Magendanz’s vision screening bill approved by House
During floor action on Friday, the House approved Senate Bill 6245 by a vote of 96-1. This proposal would help identify possible losses in visual acuity for children attending school throughout the state. Rep. Chad Magendanz, R-Issaquah sponsored the House companion bill, that would provide for, and require, visual screening that includes testing for both distance and near vision.
Currently in Washington schools, students are routinely checked for distance, but not near vision impairments, which can affect their ability to read. Screening solely for distance visual impairment may miss up to 40% of children with potential vision problems, including hyperopia (farsightedness), binocular disorders (e.g. “lazy eye”) and astigmatism.
“Many common vision problems go unnoticed because Washington schools don't conduct near vision screening. These problems can, and do adversely affect a students' ability to function and enjoy learning. In fact, vision deficits account for illiteracy in 25 percent of students, 66 percent of adults, 70 percent of juvenile delinquents, and 90 percent of prison inmates. By screening students vision we can help correct visual impairments, enabling them to participate fully in the learning process.” said Magendanz.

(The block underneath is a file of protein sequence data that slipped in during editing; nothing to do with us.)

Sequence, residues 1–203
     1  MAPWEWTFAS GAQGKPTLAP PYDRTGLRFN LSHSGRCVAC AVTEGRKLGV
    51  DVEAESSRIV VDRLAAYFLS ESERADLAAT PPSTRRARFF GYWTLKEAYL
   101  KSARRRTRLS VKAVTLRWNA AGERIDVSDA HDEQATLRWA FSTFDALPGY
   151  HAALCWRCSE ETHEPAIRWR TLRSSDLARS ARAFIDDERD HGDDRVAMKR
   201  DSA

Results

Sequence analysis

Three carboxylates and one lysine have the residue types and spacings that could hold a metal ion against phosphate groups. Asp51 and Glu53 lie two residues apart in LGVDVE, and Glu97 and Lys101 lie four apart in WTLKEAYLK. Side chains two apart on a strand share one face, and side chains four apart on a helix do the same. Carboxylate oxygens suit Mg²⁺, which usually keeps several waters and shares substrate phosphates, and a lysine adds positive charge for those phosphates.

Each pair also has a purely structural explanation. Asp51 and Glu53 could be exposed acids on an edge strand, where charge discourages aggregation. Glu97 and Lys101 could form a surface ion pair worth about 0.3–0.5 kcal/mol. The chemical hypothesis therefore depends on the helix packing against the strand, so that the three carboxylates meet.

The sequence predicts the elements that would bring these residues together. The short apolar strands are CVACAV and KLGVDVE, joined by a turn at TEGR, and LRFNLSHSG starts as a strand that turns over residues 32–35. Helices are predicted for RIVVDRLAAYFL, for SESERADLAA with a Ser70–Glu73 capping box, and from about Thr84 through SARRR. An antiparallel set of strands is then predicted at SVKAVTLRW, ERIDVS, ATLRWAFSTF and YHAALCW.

Studies have found one in four children have undiagnosed eye problems which can interfere with learning and lead to academic and/or behavioral problems. However, many times these children do not report symptoms because they think everyone sees the same way they do. According to the American Optometric Association, if vision problems go undetected, children can display fatigue, fidgeting, and frustrations in the classroom – traits that can lead to a misdiagnosis of dyslexia or other learning disabilities.
“Early testing is key to preventing learning disabilities down the road. All children first entering school, and regularly throughout their school-aged years need to have these vision exams to ensure they have healthy eyes and adequate visual skills to succeed academically.” continued Magendanz.
Schools districts conduct screening in kindergarten, and in grades 1,2,3,5, and 7. If resources permit, schools may screen children at other grade levels. If the school screening identifies symptoms related to vision that may negatively affect a students' ability to learn, schools inform parents or guardians of their observations. Magendanz's proposal would add near vision screening to this process.
Senate Bill 6245 passed both House with a vote of 96-1, and the Senate with a vote of 48-1. The bill is now on its way to the Governor for signature.
###Washington State House Republican Communications